This parable doesn’t use detailed theological terms to explain why God is merciful sometimes and why he chooses to judge at other times — it merely points out that both are needed in order for God to reign over creation while allowing it to survive. Parables like this show the difference between Jewish and Christian thought, because they attempt to comprehend by describing through story, without the assumption that humans can explain God’s mysterious ways.

Besides being a wise approach to looking at the nature of God, this parable also illustrates the “both hands” approach of Judaism as to how we should live. It points out that a blend of mercy and judgment is often what we need in our lives.

Parents struggle with the balance of enforcing rules along with showing grace to their children — not being too strict, yet not letting their kids run wild. Or, when our spouses do something that hurts us, should we forgive them and let it slide, or, should we bring our hurt and anger to their attention?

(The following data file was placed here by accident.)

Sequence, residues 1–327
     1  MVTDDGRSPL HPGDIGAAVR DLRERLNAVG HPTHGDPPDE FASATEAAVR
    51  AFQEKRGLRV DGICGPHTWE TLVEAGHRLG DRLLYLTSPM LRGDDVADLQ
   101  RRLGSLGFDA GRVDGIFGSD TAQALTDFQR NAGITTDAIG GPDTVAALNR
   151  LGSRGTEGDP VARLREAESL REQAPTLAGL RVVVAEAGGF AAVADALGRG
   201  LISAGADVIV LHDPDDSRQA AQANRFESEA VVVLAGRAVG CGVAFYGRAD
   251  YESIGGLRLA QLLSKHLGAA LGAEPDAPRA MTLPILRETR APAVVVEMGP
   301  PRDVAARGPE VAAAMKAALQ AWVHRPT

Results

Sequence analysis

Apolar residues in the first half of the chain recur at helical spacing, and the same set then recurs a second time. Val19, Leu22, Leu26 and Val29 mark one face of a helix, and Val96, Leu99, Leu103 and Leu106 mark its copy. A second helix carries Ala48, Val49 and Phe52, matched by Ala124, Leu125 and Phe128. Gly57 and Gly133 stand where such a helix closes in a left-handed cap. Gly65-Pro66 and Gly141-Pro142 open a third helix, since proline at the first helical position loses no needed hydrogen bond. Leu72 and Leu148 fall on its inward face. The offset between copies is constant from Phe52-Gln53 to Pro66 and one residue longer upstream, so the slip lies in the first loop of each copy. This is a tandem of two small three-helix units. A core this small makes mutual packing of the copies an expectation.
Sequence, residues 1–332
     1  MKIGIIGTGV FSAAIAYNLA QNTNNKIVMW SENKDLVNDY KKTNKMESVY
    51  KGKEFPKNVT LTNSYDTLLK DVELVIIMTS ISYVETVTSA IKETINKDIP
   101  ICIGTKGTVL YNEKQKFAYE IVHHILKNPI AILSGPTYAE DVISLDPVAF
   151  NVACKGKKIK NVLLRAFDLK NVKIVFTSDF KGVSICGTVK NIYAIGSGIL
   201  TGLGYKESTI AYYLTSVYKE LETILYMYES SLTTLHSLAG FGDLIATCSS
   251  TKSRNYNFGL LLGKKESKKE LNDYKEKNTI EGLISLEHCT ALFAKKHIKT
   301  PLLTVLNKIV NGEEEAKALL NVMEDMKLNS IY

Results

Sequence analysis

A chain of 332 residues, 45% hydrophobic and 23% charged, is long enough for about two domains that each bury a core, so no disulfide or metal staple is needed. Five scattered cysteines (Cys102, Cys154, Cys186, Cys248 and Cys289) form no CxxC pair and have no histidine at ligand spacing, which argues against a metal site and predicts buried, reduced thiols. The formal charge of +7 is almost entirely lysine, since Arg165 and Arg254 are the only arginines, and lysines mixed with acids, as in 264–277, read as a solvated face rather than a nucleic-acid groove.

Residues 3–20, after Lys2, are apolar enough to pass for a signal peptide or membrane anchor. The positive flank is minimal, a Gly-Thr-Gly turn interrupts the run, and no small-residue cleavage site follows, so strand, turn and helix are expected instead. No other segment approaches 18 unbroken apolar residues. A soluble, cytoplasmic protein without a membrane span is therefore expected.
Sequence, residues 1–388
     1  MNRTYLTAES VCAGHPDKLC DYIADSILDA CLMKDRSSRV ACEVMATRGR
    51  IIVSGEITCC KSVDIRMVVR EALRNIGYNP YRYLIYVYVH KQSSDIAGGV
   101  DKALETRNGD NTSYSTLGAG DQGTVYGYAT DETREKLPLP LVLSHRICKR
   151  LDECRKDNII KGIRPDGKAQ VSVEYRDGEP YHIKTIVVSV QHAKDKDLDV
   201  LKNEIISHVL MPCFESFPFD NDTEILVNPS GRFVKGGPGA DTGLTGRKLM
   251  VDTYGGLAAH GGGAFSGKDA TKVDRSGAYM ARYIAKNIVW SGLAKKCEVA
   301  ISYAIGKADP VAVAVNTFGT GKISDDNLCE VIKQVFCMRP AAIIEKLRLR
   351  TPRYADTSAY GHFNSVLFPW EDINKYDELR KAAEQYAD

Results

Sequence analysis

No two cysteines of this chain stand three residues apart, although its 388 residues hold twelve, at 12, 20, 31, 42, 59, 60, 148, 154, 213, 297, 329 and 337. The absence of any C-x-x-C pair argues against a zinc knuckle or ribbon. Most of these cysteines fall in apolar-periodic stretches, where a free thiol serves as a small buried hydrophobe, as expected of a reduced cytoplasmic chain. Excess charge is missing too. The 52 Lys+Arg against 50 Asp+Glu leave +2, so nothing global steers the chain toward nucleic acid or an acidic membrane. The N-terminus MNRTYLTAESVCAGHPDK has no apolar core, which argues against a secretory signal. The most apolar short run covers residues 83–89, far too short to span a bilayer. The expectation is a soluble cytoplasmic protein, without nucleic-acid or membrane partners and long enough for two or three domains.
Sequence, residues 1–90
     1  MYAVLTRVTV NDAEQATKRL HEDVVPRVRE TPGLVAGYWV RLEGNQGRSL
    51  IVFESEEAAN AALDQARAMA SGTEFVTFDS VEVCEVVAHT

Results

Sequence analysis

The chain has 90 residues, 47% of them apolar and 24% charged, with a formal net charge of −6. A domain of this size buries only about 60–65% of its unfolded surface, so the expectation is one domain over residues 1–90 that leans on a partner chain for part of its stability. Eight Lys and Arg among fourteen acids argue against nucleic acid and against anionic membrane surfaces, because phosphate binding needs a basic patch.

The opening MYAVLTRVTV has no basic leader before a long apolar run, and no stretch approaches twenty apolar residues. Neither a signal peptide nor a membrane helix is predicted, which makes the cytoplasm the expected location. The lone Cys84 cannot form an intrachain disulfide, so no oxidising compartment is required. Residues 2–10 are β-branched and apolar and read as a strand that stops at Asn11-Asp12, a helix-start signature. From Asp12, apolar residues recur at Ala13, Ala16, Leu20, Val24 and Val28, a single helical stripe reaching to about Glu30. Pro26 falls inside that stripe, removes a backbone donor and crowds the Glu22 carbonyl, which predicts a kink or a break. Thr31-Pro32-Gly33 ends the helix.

Christians tend to think there must be only one right way to act in these situations — either to never let sin go unpunished, or to always be forgiving. In reality, we need to have both discernment and balance. Even God walks the difficult line between mercy and judgment! We can turn to him for guidance because he knows our struggles beyond what we could ever imagine.

“Weighing” the Laws Against Each Other

Another way Jewish thought seeks balance is in its approach to the law. Christians have traditionally understood all of the commandments to be of equal importance, but in the time of Jesus, the rabbis “weighed” the laws so that in a situation where two laws conflict with each other, a person knew which one to follow.

For instance, the command to circumcise on the eight day took precedence over the Sabbath (Jn 7:22). This came out of an effort to live by God’s laws in all situations, rather than arbitrarily ignoring some and doing others. They would describe the laws in terms of being “light,” kal, and “heavy,” hamur. Certain principles derived from the Bible were used to organize laws relative to each other, and the focus of many rabbinic debates was how to prioritize them.